I’m thinking a lot about species concepts as applied to humans, about the "Out of Africa" model, and also looking back into Africa itself. I think the idea that modern humans originated in Africa is still a sound concept. Behaviorally and physically, we began our story there, but I’ve come around to thinking that it wasn’t a simple origin. Twenty years ago, I would have argued that our species evolved in one place, maybe in East Africa or South Africa. There was a period of time in just one place where a small population of humans became modern, physically and behaviourally. Isolated and perhaps stressed by climate change, this drove a rapid and punctuational origin for our species. Now I don’t think it was that simple, either within or outside of Africa.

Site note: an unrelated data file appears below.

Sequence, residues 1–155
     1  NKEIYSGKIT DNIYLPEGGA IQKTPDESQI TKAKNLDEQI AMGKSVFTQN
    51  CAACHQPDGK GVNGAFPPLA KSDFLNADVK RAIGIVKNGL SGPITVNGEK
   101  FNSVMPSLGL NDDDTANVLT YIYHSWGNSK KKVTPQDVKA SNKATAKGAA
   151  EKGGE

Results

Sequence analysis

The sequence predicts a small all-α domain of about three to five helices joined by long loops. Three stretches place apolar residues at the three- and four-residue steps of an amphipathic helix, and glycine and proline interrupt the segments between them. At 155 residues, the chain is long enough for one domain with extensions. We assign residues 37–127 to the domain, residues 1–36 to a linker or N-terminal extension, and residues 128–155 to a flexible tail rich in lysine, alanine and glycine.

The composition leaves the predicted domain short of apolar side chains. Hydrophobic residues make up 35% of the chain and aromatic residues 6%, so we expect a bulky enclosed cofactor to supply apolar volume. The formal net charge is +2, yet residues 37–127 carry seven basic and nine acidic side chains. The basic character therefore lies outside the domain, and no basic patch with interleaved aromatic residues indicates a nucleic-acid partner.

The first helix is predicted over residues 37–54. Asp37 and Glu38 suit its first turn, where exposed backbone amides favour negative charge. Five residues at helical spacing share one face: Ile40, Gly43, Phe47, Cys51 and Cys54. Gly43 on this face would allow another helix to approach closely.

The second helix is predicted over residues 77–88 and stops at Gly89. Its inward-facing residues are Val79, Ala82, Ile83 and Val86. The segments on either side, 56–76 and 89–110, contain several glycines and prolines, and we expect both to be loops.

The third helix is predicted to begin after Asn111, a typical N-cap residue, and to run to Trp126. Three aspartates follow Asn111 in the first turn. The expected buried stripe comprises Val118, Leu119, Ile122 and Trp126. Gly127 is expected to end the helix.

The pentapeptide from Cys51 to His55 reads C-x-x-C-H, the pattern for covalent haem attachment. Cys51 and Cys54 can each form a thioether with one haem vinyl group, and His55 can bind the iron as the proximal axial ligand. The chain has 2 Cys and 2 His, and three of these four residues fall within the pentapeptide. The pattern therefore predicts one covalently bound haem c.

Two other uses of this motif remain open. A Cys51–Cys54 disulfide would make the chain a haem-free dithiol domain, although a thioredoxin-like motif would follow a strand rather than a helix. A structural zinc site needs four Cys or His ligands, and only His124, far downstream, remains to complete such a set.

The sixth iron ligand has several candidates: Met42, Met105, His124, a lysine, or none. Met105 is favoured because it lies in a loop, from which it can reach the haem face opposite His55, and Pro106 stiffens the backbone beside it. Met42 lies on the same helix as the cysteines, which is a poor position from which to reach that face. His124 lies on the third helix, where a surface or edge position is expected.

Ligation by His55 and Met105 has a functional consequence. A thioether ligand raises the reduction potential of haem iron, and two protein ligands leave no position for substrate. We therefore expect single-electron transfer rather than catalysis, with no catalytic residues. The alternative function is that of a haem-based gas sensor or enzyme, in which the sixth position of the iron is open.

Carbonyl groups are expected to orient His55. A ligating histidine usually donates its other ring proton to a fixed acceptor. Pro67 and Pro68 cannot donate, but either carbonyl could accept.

CHRISTOPHER STRINGER is one of the world’s foremost paleoanthropologists. He is a founder and most powerful advocate of the leading theory concerning our evolution: Recent African Origin or "Out of Africa". He has worked at The Natural History Museum, London since 1973, is a Fellow of the Royal Society, and currently leads the large and successful Ancient Human Occupation of Britain project (AHOB), His most recent book is The Origin of Our Species (titled Lone Survivors in the US).